How a provider responds in these types of circumstances is important for a variety of reasons. First, said Dr. Eibling, accepting personal responsibility-be it for an error you were responsible for or an error that was facilitated by the design of the system-enables you to apologize authentically to the patient and tell them that you’re going to do whatever possible to ensure that it won’t happen to another patient. In addition, he said, it’s my belief that acceptance of responsibility for errors facilitated by the system’s defects will increase the practitioner’s ownership, and their interest and enthusiasm to change the system.
Explore This IssueDecember 2006
After the Error
After the systems have broken down or an incident has occurred, communication must be quick, careful, and authentic. In that way, said Dr. Shah, now with the Division of Otolaryngology at Children’s National Medical Center in Washington, DC, we are all in the same boat. What a family doctor talks about to patients is similar to the way a surgeon would speak, the only difference being that our mistakes could happen in the operating room.
Dr. Eibling, who lectures on medical errors and patient safety issues to medical staffs as well as residents in otolaryngology and other specialties, agrees. Although he uses otolaryngology-specific examples in his presentations, the concepts are not unique to otolaryngology. I think that the fundamental precepts defined in the book by Michael Woods, Healing Words: The Power of Apology in Medicine,10 remain the same, he said.
Disclosure and apology in medicine has garnered a great deal of attention in the past few years11-13 and the wording used in those interactions between providers and patients is especially important. An organization called Sorry Works!, a coalition of physicians, lawyers, hospitals and researchers, is making especially prominent headway in this sensitive area and is making an impact across specialties, settings, political bodies, and professions.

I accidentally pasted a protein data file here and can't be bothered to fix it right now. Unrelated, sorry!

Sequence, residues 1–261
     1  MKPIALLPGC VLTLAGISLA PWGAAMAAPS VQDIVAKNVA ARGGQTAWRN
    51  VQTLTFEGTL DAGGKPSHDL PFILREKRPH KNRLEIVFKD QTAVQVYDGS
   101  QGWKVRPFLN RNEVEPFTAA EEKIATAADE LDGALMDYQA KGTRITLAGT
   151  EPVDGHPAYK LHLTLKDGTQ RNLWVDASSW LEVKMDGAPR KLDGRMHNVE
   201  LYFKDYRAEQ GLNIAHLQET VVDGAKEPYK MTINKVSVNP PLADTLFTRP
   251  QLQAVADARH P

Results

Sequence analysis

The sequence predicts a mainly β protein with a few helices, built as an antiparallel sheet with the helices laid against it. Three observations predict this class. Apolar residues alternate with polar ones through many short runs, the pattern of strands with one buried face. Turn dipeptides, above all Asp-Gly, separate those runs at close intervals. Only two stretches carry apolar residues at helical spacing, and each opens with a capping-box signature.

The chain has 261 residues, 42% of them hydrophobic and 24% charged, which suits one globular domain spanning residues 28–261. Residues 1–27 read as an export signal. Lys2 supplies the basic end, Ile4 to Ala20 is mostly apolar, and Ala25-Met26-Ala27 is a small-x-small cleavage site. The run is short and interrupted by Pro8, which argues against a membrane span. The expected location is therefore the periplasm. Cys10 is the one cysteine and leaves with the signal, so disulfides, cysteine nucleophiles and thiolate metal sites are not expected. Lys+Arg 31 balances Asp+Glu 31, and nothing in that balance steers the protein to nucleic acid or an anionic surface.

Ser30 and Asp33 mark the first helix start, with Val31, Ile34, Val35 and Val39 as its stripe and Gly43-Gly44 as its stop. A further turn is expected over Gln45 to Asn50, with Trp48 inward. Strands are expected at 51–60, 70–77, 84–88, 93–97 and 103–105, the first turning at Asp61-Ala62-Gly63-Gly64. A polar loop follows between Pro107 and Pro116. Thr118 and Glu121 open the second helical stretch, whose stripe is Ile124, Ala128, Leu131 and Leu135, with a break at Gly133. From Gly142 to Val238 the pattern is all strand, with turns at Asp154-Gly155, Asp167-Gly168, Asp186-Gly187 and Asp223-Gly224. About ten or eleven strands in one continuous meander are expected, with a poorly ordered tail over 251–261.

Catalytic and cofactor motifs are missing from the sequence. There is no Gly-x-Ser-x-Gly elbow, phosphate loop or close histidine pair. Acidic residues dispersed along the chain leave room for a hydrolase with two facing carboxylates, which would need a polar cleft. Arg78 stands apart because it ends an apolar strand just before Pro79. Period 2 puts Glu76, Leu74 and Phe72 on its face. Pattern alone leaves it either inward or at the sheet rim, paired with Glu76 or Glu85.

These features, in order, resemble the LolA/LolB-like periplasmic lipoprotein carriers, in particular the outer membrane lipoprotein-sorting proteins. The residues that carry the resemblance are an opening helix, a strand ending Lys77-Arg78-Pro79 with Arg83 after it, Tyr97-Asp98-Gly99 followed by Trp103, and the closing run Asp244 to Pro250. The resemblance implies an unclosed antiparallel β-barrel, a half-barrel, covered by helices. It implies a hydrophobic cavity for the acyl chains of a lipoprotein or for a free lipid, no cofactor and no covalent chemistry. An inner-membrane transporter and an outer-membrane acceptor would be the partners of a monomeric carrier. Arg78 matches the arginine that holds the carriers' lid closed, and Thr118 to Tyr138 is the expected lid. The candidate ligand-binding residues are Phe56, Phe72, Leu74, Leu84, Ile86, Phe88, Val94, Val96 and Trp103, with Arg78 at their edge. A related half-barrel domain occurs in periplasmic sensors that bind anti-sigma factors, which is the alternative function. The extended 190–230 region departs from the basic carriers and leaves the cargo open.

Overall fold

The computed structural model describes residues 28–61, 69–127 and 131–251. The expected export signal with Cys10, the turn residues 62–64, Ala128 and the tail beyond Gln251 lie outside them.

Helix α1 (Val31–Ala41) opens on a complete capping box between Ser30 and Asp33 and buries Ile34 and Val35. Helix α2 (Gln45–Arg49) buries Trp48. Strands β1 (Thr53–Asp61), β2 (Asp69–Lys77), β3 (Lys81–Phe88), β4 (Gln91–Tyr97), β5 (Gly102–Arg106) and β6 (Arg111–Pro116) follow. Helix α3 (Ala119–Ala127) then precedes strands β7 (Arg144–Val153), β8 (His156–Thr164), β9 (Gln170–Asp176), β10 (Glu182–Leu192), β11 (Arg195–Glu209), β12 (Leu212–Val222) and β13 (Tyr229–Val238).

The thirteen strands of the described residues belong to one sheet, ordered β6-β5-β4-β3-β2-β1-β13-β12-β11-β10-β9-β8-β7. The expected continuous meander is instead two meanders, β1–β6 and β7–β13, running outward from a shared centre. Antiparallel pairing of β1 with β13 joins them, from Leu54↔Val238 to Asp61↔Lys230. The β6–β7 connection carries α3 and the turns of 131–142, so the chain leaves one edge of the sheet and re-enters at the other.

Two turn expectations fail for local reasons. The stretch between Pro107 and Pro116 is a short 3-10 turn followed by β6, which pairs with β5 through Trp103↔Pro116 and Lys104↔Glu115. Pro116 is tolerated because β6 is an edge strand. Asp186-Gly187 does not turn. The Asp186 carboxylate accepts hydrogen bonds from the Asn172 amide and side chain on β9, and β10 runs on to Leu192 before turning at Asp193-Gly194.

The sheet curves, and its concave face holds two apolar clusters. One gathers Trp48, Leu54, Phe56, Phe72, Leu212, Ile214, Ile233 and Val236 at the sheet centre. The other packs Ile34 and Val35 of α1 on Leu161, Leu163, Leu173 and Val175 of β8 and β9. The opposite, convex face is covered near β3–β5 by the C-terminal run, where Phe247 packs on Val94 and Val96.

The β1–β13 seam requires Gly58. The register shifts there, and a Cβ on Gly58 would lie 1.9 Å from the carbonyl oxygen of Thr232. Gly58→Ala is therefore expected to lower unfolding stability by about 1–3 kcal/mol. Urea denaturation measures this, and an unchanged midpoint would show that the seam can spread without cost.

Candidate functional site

Two Kinds of Disclosure
As is apparent to anyone working in medicine today, improving the systems in which practitioners work is now a huge focus in both the scientific and lay literature.2,4,5,7,14-18 An additional focus has been the disclosure of errors and how disclosure differs from apology.
One of the most important distinctions after an error has been recognized is whether the provider reveals to the patient that there was a complication versus admitting and taking responsibility for having made a mistake. In a study conducted in 2005 by Chan et al. using standardized patients, surgeons were rated highest on their ability to explain the medical facts about errors, but they used the word error or mistake in only 57% of conversations.19 In 27% of cases, surgeons used the words complication or problem.
Dr. Eibling pointed out that the concept is nicely demonstrated by the work of Wu et al.20 as well as in the training video Wu and colleagues produced at the Johns Hopkins Bloomberg School of Public Health, titled Removing Insult from Injury: Disclosing Adverse Events. Three scenarios from the video are available for free download from the Johns Hopkins Web site (see box).